He’s on the far left of your screen, seated to the right of Sotomayor. Politico’s calling it his Joe Wilson moment.
When you hear the president of the United States demagoging the First Amendment, you sit there and you take it, son.
FROM JUSTICE ALITO, a “you lie” moment? “POLITICO’s Kasie Hunt, who’s in the House chamber, reports that Justice Samuel Alito mouthed the words ‘not true’ when President Barack Obama criticized the Supreme Court’s campaign finance decision.” Drudge is calling Obama’s criticism “intimidation,” but apparently, they weren’t so intimidated. As I said before, Obama’s behavior wasn’t very Presidential, and it wasn’t very wise.
No, actually, you don’t, and Alito didn’t. And that will step on Obama’s press tonight and tomorrow, turning his demagoguery into a negative for him. That’s why Presidents usually act Presidential. Not so much because it’s dignified. But because it’s smart. That’s something that Obama, with his limited experience on the national stage, hasn’t figured out yet.
Kevin Mooney at American Spectator:
He really did not like that ruling in defense of First Amendment freedoms did he? Has a president ever attacked The U.S. Supreme Court like that in such an august setting? Already, Fox News and CNN have made note of Justice Alito’s lip movements that seem to say “not true.” – A bit more reverential than Rep. Joe Wilson’s editorial comments.
There’s a long and copious list of high court rulings that do not sit well with those of who favor some form of “originalist” jurisprudence and it’s fine for the Supreme Court to figure into campaign talking points. But there is something unseemly about the president’s very vociferous comments and what this says about the separation of powers.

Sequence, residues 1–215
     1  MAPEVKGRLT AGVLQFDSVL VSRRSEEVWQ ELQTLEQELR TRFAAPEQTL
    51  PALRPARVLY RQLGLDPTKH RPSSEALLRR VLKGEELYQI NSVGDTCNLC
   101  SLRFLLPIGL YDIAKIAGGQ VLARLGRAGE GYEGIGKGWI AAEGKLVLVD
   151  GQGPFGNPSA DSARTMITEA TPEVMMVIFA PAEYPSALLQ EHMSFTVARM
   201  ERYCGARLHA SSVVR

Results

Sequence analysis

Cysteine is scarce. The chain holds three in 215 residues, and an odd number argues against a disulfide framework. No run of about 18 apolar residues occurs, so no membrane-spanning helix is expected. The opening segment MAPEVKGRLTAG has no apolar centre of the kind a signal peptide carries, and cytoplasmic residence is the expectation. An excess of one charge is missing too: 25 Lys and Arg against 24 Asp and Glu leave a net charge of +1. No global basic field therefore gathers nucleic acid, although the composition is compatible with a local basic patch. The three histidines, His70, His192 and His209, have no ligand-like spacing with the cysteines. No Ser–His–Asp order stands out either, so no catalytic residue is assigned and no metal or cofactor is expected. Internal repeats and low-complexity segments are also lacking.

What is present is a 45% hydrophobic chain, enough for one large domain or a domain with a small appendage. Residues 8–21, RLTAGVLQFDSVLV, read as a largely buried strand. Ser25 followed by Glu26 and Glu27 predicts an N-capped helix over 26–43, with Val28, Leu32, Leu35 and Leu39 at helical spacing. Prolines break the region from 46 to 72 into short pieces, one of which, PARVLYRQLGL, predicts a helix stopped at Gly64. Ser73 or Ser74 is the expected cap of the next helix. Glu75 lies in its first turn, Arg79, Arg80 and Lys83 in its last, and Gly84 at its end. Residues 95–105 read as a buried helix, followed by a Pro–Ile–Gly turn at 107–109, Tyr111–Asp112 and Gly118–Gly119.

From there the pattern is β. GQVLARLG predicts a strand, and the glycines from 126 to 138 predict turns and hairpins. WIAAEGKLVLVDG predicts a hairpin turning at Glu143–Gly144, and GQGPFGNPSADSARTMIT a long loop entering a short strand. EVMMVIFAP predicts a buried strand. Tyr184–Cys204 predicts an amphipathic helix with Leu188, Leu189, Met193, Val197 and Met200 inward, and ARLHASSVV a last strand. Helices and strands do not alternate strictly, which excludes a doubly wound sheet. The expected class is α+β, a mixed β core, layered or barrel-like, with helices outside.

President Franklin Roosevelt’s attacks on the judiciary ultimately worked to his political disadvantage back in the 1930s. Burt Solomon, a long-time correspondent for National Journal, explores the history here in his very excellent book entitled: “FDR V. The Constitution,” which now has a heightened relevance.
It looks like Obama will have at least one more shot at an opening on the high court as it now appears likely that Justice John Paul Stevens will step down. This will not shift the current ideological balance but it does mean that judicial philosophy should figure into the 2012 presidential campaign and perhaps this year’s U.S. Senate races.
There’s a reason that Supreme Court Justices — along with the Joint Chiefs of Staff — never applaud or otherwise express any reaction at a State of the Union address. It’s vital — both as a matter of perception and reality — that those institutions remain apolitical, separate and detached from partisan wars. The Court’s pronouncements on (and resolutions of) the most inflammatory and passionate political disputes retain legitimacy only if they possess a credible claim to being objectively grounded in law and the Constitution, not political considerations. The Court’s credibility in this regard has — justifiably — declined substantially over the past decade, beginning with Bush v. Gore (where 5 conservative Justices issued a ruling ensuring the election of a Republican President), followed by countless 5-4 decisions in which conservative Justices rule in a way that promotes GOP political beliefs, while the more “liberal” Justices do to the reverse (Citizens United is but the latest example). Beyond that, the endless, deceitful sloganeering by right-wing lawyers about “judicial restraint” and “activism” — all while the judges they most revere cavalierly violate those “principles” over and over — exacerbates that problem further (the unnecessarily broad scope of Citizens United is the latest example of that, too, and John “balls and strikes” Roberts may be the greatest hypocrite ever to sit on the Supreme Court). All of that is destroying the ability of the judicial branch to be perceived — and to act — as one of the few truly apolitical and objective institutions.